Bradley to Delgado: You are out of order. Mayor Johnny Dupree: You can suspend the rules


This photo shows Mayor Johnny Dupree Hattiesburg instructing the council to suspend the rules. In an unheard move Mayor Johnny Dupree said the council could,"suspend the rules" and allow Delgado to motion to reconsider the appointment of Eleanor Harris and Fredrick Burns to the school board. Councilman Henry Naylor quickly seconded. Council president Kim Bradley fired back, “You are out of order”. He then read the rules of order adopted by the city council. The council follows a set of rules called "Robert's Rules of Order".

President Bradley accused Delgado of grandstanding with “Monn” the WDAM cameraman. Monn then turned to the audience and gave a somewhat embarrassed shake of his head, indicating no. Bradley then stated “It’s about accountability. It’s simply about accountability", referring to Burns and Harris’ lack of cooperation with the council for budget request. Bradley fired back at Delgado, “We have a system that we follow. You (Delgado) are trying to usurp that that things the way we do business and it’s wrong.”(sic)


21 thoughts on “Bradley to Delgado: You are out of order. Mayor Johnny Dupree: You can suspend the rules

  1. John Mark Taylor

    Soooo…The council voted on these two education employees to be in a position and a motion was requested that they reconsider after it was voted on? And Robert's rules is saying that "once it's been voted on there is no need to try and reconsider it?" I am sincerely asking this as a question lol.

    1. Hattiesburg Patriot

      It is important to note that if a losing side were able to make motions to reconsider, one could do so in perpetuity on every lost vote. It could gridlock government business.

      Wikipedia for Robert's Rules (our council's adopted set of rules)

      Under Robert's Rules of Order Newly Revised (RONR), the motion to reconsider must be made within a limited time after the action on the original motion: usually at the same meeting or, in the case of a multi-day session or convention, on the next day within the session or convention in which business is conducted.[2] Until the motion to reconsider is disposed of or lapses, the effect of the original vote is suspended, and no action may be taken to implement it.[3] This is in contrast to the motion to rescind, which may be made at any later meeting, but until passed, has no effect on the original decision.

      Under Robert's Rules of Order and some other authorities, the motion to reconsider may be made only by a member who voted on the prevailing side in the original vote.[4] If another member disputes an assertion by the maker of the motion to reconsider that he voted on the prevailing side, the member moving to reconsider is to be believed unless the record of a roll call vote says otherwise.[5] The Standard Code of Parliamentary Procedure, however, permits the motion to be made by any member and explains that this removes the incentive for a member to "switch sides" just in order to be eligible to move for reconsideration, and also preserves the secrecy of a ballot vote.[6]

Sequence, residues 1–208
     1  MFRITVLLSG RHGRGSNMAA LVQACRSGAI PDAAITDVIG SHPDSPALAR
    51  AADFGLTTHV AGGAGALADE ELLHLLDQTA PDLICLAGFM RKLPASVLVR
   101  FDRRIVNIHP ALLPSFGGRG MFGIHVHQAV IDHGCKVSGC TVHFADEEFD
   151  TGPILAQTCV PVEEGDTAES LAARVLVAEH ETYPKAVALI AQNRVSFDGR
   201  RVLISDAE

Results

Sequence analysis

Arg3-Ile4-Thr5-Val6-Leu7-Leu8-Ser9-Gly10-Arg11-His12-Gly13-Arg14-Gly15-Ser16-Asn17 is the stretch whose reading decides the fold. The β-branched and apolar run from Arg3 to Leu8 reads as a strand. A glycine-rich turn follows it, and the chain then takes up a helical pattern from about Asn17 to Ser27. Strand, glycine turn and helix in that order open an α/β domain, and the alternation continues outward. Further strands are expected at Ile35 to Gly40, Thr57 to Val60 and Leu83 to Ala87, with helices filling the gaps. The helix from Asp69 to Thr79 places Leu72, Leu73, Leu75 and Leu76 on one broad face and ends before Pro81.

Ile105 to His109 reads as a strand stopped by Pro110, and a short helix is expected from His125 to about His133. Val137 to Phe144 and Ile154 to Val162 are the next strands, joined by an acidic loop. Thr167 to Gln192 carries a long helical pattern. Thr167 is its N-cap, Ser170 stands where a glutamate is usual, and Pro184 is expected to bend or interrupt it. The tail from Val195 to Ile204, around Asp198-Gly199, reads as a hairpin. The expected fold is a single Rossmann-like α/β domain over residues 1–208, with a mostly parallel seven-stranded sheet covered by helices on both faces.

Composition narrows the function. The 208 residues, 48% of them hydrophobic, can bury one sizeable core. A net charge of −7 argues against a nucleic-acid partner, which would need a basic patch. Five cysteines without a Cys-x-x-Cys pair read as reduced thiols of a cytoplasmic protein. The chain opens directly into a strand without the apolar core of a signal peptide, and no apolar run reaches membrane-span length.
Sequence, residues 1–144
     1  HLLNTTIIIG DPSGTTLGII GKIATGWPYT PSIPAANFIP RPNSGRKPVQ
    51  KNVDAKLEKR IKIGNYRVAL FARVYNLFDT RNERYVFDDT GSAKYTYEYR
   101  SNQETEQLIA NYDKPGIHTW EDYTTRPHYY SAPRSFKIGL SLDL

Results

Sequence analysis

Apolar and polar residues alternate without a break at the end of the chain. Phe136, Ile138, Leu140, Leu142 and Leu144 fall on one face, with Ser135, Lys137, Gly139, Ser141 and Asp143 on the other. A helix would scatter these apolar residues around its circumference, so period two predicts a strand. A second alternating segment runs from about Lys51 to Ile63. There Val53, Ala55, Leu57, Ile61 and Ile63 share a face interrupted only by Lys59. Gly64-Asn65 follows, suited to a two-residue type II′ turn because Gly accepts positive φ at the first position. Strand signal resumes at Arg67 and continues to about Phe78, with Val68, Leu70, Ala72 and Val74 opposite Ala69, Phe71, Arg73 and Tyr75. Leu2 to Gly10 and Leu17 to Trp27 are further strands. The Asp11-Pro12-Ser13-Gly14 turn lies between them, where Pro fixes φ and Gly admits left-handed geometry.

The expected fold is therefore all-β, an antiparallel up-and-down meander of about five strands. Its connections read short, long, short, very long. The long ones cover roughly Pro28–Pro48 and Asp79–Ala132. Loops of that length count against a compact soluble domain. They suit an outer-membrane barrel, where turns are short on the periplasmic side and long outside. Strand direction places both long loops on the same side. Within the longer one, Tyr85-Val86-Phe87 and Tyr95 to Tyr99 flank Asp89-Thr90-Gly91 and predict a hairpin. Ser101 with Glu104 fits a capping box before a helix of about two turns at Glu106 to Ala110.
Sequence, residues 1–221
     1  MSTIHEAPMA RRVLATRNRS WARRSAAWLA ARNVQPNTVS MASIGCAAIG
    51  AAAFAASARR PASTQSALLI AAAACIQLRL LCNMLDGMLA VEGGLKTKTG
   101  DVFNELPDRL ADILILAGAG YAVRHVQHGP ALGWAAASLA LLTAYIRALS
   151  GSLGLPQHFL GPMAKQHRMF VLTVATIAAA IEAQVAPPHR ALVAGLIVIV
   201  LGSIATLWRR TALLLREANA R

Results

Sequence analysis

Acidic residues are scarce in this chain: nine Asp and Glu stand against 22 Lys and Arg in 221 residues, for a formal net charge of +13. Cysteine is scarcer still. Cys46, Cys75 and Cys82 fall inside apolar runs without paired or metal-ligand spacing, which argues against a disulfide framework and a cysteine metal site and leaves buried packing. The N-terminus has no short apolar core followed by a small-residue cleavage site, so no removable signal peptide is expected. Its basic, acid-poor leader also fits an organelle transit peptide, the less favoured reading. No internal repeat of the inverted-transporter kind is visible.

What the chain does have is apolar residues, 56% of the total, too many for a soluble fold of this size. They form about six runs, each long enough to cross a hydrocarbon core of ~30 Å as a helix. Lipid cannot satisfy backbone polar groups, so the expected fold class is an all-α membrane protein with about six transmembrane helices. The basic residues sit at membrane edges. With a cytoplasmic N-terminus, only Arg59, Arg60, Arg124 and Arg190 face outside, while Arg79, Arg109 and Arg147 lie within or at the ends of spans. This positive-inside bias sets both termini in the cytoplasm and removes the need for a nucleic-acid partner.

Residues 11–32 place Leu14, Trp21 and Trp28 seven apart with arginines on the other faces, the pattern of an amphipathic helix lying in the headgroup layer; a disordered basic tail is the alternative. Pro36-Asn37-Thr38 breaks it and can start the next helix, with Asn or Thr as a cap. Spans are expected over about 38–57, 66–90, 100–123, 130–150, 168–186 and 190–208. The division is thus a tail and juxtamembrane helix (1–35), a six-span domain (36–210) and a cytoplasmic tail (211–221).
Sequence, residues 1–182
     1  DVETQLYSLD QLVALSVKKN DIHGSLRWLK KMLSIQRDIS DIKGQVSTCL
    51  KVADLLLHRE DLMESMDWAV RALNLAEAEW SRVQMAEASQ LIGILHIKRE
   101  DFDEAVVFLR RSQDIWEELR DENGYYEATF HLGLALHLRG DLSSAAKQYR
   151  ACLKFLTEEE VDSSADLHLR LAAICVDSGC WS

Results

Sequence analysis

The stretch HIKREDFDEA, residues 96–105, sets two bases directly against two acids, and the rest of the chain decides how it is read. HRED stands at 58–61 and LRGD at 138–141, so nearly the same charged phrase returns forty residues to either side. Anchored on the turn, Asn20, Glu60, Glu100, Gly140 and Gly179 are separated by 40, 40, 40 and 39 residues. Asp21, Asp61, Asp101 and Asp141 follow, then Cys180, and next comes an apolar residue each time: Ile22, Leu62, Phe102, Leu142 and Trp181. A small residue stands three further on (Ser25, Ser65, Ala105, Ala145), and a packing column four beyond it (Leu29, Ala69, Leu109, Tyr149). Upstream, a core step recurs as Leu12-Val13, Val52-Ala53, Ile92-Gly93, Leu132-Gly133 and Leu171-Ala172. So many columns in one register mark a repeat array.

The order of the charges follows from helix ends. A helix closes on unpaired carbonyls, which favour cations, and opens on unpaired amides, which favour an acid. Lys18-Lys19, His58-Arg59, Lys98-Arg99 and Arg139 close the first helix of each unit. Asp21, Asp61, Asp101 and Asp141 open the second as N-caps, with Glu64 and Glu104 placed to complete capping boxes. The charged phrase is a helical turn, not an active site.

Under Robert's Rules, the motion to reconsider is debatable to the extent that the motion being reconsidered is debatable.[7] Under the Standard Code, the motion is debatable only as to the reasons for reconsideration, and the original motion is opened for debate only if the motion for reconsideration passes.[8]

      The making of the motion to reconsider takes precedence over all other motions and yields to nothing. It is not, however, considered at the time it is made if other business is pending, and the timing of its consideration depends on the ranking of the motion that led to the vote to be reconsidered.[9]

      A special form of reconsider is the motion to reconsider and enter on the minutes, whose intended use is to prevent a temporary minority from taking action that would be opposed by the majority.[10] This motion cannot be called up on the day that it is made. Demeter's Manual, but not The Standard Code of Parliamentary Procedure, also supports the use of this form of the motion.

  2. Britton K. Loftin

    James MONTGOMERY you should probably take note that their are 3 sides to every story -the truth and the other two sides-. Name calling is childish Mister.

    obviously Bradley was the one grandstanding. I see nothing wrong with making sure your constituents voices are heard.

    Sad comment Mr. Montgomery. Grow up. This is a democracy not the Bradley Dictatorship of which you seem to be a proponent.

    1. Tom Garmon

      There are several issues here all wrapped in one. The 1st issue is whether or not an appointed body with power to raise property taxes
      7% a year is constitutional. That's taxation without representation.

      Then there is the issue that taxes are raised 5% with NO BUDGET. And not not just no budget, but a board members that REFUSED to have any accountability to the tax payers and flat out refused to submit a budget. This has as much to do about race as the man in the moon. The next two appointees will be black and will likely be approved.

      If the rules permitted the defeated side of an agenda item to simply keep rehashing the loss over and over we would be in perpetuity with these same issues. If government could just suspend rules when they don't like the outcome where would we be? This is what happened with the Hunt Club being chained shut illegally by the Mayor and with the illegal, closed meetings for drafting shady new bar ordinances by city officials. Mississippi Open Meetings Act of 1972.

      We must expect our leaders to follow the laws and follow the rules; even if they don't like them. They are there for a reason.

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